Long Island educators and businesses are joining forces to steer young people to the trades, where they are practically guaranteed a job and aren’t saddled with big student loans. Credit: Howard Schnapp

Long Island educators and businesses are joining forces to steer young people to the trades, where they are practically guaranteed a high-paying job and aren’t saddled with big student loans.

On Wednesday, they announced an expansion of the Nassau County BOCES program while noting the median annual salary of plumbers in the region is $93,000.

“More than ever before, countless Long Island youth are underemployed with mountains of college debt, but there are hundreds of opportunities out there for our middle-skilled workers who have the right training,” said Robert Dillon, superintendent of schools for the Nassau Board of Cooperative Educational Services.

Dillon and other officials, speaking at a news conference in Levittown, said Nassau BOCES is increasing its Career and Technical Education program from 1,600 to 2,200 seats for high school students starting this fall.

It is doing so by creating a new teaching location, the Gerald R. Claps Career and Technical Center in Levittown. That is in addition to a center that BOCES already operates in Westbury.

“Career and technical education is an important and critical learning experience that is often overlooked in our country today,"  said Tonie McDonald, superintendent of schools in Levittown, which is partnering with BOCES on the new center.

Dillon read a list of known available jobs with established companies in Nassau County: 19 plumbers; 49 medical records technicians; 53 electricians; 85 bus, truck and diesel engine specialists; 98 auto technicians; 133 medical assistants.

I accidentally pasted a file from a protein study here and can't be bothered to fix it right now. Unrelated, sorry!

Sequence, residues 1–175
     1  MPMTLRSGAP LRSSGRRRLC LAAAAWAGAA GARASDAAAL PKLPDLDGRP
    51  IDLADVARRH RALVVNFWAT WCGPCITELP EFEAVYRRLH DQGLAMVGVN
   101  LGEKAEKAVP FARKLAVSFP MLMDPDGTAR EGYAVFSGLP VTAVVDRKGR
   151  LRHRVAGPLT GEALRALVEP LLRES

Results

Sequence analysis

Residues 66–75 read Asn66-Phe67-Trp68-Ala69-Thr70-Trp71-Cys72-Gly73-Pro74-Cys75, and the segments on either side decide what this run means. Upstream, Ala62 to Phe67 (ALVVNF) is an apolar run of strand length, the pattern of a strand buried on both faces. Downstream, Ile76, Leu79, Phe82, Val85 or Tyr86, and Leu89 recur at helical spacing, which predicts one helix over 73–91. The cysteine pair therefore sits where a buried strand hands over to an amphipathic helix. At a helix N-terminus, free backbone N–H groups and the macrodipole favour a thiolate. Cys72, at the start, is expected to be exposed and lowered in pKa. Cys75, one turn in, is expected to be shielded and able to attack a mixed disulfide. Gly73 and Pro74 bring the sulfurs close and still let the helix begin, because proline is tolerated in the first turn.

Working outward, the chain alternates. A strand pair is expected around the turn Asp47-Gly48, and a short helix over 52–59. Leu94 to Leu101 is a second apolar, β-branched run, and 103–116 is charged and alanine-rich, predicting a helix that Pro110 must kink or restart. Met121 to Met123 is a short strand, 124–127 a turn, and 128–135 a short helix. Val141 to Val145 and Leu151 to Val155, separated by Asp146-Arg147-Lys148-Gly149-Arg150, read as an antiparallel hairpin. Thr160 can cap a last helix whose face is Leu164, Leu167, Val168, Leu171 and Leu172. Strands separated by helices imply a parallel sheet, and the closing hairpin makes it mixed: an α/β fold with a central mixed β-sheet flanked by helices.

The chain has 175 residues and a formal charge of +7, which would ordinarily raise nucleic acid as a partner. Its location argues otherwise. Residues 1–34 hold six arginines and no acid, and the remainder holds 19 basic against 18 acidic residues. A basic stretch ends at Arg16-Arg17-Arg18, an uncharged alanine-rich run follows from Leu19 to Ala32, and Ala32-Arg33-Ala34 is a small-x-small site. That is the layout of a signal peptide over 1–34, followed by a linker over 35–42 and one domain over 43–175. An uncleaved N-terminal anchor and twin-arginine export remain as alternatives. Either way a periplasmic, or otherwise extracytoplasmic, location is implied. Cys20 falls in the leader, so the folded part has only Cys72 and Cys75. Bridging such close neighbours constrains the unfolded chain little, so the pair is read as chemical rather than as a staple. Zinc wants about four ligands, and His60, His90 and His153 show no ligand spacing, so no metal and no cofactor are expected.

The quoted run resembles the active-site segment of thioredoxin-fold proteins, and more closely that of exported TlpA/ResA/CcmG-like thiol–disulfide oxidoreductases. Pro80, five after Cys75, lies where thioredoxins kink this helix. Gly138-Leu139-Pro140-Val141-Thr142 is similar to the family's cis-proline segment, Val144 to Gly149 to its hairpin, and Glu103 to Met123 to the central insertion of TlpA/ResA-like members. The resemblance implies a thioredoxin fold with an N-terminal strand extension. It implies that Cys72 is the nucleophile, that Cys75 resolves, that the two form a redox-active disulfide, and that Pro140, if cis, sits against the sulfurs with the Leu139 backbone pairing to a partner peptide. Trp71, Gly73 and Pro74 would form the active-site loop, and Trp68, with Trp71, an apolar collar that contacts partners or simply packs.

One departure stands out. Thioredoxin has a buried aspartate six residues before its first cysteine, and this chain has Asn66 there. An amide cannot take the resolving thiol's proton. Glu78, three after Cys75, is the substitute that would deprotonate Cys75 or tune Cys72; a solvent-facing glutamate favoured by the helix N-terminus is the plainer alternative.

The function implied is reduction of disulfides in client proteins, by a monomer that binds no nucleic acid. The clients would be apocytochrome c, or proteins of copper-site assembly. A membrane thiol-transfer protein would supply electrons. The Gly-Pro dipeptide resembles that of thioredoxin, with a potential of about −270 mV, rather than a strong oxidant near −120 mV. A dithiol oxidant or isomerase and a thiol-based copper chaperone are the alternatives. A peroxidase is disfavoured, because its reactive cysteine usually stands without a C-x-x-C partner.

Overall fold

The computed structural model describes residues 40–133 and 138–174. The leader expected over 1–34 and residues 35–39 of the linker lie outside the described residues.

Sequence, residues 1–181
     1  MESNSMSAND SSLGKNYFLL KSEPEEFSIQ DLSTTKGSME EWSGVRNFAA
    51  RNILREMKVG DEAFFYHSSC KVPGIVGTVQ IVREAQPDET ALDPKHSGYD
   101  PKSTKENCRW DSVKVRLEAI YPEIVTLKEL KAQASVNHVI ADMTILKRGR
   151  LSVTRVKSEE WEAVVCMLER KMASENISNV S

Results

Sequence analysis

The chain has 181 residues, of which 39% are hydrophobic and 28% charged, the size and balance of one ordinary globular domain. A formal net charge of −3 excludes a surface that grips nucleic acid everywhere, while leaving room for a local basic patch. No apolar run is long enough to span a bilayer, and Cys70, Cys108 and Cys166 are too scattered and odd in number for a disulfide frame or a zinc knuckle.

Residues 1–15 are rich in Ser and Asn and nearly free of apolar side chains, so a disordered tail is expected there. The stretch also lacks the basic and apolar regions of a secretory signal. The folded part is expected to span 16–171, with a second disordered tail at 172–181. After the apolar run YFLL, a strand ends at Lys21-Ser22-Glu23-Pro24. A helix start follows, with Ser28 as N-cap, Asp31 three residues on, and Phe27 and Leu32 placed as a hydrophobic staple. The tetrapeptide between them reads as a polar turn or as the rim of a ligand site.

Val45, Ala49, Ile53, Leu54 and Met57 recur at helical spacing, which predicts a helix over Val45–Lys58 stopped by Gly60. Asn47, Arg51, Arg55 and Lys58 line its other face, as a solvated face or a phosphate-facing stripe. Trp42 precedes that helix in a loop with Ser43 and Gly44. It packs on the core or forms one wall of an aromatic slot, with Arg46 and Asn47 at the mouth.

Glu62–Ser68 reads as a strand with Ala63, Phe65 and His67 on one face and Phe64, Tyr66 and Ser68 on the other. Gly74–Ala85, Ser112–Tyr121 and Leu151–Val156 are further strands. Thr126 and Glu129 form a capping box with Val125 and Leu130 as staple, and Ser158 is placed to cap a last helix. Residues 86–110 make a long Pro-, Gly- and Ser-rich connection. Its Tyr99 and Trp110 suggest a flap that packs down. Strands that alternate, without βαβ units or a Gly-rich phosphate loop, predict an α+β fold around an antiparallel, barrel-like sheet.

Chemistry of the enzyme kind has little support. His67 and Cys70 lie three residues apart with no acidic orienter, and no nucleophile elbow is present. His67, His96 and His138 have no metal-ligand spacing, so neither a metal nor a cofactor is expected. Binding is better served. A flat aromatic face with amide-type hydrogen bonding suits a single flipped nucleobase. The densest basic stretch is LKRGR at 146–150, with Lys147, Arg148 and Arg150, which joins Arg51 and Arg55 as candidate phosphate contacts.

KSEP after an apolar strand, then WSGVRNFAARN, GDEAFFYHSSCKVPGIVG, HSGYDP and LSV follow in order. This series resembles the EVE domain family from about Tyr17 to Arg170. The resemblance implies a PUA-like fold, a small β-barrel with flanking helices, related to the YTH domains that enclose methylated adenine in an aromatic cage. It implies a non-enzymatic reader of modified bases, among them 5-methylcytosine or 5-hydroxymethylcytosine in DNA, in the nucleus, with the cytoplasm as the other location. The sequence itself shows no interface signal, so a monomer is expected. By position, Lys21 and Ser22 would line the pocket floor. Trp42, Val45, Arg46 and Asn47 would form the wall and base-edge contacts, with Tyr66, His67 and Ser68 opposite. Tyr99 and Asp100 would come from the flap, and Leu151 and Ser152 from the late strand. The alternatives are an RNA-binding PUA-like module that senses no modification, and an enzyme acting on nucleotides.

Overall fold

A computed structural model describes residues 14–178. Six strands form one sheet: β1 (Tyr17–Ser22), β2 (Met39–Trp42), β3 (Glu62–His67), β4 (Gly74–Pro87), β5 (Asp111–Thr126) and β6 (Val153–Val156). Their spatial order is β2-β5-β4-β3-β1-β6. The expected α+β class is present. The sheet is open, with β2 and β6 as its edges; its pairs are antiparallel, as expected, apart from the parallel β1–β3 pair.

The median annual salary for these jobs is $50,000, he said.

“In this career opportunity, you don’t have to search for a job, it’s searching for you,” Assemb. David McDonough (R-Merrick) said.

Northwell Health, a major health care company that runs a growing number of hospitals, clinics and doctor's offices on Long Island, is hiring about 200 workers a week, with BOCES serving as a “pipeline” for many of those jobs, said Cheryl Davidson, senior director of workforce readiness at the company.

“We clearly are seeing a need for middle-skills jobs — those are the jobs that require more than a high school diploma, yet less than a college degree," Davidson said.

“There is a shortage of health care workers because we basically are in the perfect storm. The baby boomers are starting to retire, [and] we have a low unemployment rate at 3 percent. You have young adults who cannot afford to live here and are leaving Long Island, and an increasing number of people over 65 who require more health care. So, it’s all coming together and really creating a challenge for us to find skilled workers.”

BOCES is creating a coalition, along with school districts and private companies such as Northwell, to raise awareness about the growing need of labor-based careers and the benefits of a trade background, Dillon said.

The Nassau BOCES program provides high school students with a half-day program that includes more than 40 “hands-on“ courses, officials said.

School districts must pay “tuition“ of about $13,000 per pupil to send a student to the centers, but much of that money is reimbursed through state aid, Dillon said.

Some BOCES classes are held in airplane hangers, horse training stables, carpentry shops, or video production studios, officials said. Many faculty members are professionals in their field.

About 1,200 adults also study at the BOCES Westbury location each year.

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